Tag: writing

crime scene tape

I couldn’t give you an exact date, but I can definitely nail down the general period when I decided I no longer wanted to write crime: late 2012.  At that point I’d enjoyed measurable sucess with The Borderland Trilogy (link), and there was significant pressure (which still hasn’t abated) for me to write more of the same.  Maybe not set in Mexico, but it had to be crime.  The thing is, I didn’t want to write crime, and I had good reasons for that.

Though I’m sure there are exceptions, I feel crime is a genre which revels in misery.  How many brooding, alcoholic detectives are there out there, listening to opera or jazz until they have to track down the next serial murderer or rapist?  How many tortured or mutilated women have you read about?  Or dead kids?  Or self-destructive drug addicts?  Wife-beaters?

You may notice elements from my own books in there, and that’s because I was hip-deep in the demands of the genre.  And I wanted out.  I wanted to be able to get up from the keyboard every day without feeling like I had to take a shower.  I wanted my characters to have accomplished something at the end of their stories, regardless of how much it might have cost along the way.  If crime is the genre of misery, then I was tired of being miserable.

This isn’t to say all endings are happy.  They certainly aren’t.  Over the last few months I’ve submitted a couple of manuscripts with decidedly dark (or at least murky) endings.  But, again, this is not the same as the nihilism posited by so much crime fiction.  There’s a point and purpose to whatever darkness exists in these fictive worlds.  It’s not noir for noir’s sake, in other words.

Will I never, ever write a crime novel again?  I wouldn’t say that.  But if I do, don’t expect what you read before.  I’m all done with that.


Scrabble tilesI really do.  Occasionally one will come to me, such as Camaro Espinoza (link), but that’s generally because my mind is wandering around and I start thinking things like, “You know, Shelby and Camaro both sound like girls’ names, even though they’re the names of muscle cars.”  It’s not because I have some specific use for them.  For the most part the process works like this: I’m outlining something, and I get to the point where I need a name.  Unless something pops into my head immediately, I use a random generator (link) and get what I need.  If a good name doesn’t appear in the first list, I just keep clicking until the generator either comes up with a combination I like, or I see a given name and a surname that go well together.  Name goes in the outline, and then I move on.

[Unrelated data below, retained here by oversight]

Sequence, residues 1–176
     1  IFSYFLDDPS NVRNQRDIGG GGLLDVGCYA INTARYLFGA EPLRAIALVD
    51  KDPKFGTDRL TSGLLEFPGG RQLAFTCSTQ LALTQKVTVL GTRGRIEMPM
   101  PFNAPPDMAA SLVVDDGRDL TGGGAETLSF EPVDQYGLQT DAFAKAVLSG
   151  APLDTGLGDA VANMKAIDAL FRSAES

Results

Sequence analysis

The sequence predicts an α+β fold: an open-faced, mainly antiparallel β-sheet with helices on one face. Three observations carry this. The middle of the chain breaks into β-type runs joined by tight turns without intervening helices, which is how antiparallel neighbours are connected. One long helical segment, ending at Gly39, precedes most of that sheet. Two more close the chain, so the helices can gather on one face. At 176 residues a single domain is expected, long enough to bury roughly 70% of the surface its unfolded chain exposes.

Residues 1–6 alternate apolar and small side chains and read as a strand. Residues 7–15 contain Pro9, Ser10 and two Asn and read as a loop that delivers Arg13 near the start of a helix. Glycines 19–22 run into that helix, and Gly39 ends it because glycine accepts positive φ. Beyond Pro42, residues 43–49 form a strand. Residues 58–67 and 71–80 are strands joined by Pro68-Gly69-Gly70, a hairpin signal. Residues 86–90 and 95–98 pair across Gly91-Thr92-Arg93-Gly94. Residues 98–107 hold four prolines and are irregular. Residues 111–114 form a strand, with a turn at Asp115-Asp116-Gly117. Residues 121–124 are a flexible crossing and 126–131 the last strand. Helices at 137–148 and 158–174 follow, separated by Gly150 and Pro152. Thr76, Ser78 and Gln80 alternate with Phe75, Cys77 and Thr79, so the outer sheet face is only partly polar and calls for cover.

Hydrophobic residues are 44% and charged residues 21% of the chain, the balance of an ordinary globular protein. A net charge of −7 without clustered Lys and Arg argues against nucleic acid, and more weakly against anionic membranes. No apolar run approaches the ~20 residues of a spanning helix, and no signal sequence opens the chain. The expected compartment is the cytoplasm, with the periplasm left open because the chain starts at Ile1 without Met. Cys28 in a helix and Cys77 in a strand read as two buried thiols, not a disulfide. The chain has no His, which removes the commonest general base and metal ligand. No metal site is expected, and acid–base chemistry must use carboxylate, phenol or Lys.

Similarly, if I’m writing the day’s pages, and I can’t think of a name to go into a slot, that character becomes XX until such time as I go back and fill it in.  I also tend to drop XX into places where I want to insert a specific piece of research, but don’t want to waste time tracking down at the moment.  Flow is important if you want to write as quickly as I do (link), and there’s simply no time for futzing around trying to figure out where I saw the name of some German dinner dish, or whatever.  There’s always an opportunity later on to find what I need, or name whatever or whomever I need to name.

I’m not saying this is a good technique for you.  It may not be.  I know some writers who can’t work on a piece of fiction unless they’ve created an extensive folio on their characters, specifying them down to the smallest detail.  To be frank, I don’t have the energy for that kind of thing.  As I have said before, people are very much like other people, no matter who they are or where they come from.  What’s important is what makes a character different from the norm, not the boring stuff which could apply to anyone.


A plate, fork and spoon.Famously quoted on the original, Japanese Iron Chef, Jean Anthelme Brillat-Savarin said, “Tell me what you eat, and I will tell you what you are.”  I guess I believe that, because food is a thing with me in my writing.

Granted, food is a thing for me in general.  I spent a few years in my early twenties with so little money that eating every day wasn’t always an option.  I never miss a meal now (if you know what I mean).  And my characters rarely miss meals, either.  Also, you may notice when they eat I tend to tell you what’s in those meals, occasionally in detail.

Once I was told by a beta-reader that I had a seeming obsession with chairs.  That’s more of a hangover from a weird piece of advice I got as a young writer.  By contrast, writing about food is a way of making character and situation come to life, and it’s such a simple technique.  Ian Fleming used it in the James Bond novels to show how Bond is particular about what he puts in his body.  Tolkien used it to make a cultural point about how hobbits live.  George RR Martin writes extensively about food because apparently he really likes food.

That’s not a fat joke, by the way.  There’s a Game of Thrones cookbook (link), so clearly he’s a food fan.

Are characters eating a fancy meal?  A plain one?  Is it junk food or something healthy?  A particular ethnic variety?  All of these questions and more reveal things about situation and character.  In Walk Away (link), Camaro Espinoza‘s sister makes a complicated dish in one scene because she has become highly domestic after a lifetime of doing things halfway.  You know that now, and all I had to do was show you how she cooks.

I’m not saying everyone uses food in this way, but the next time a character in a book you’re reading eats, pay attention.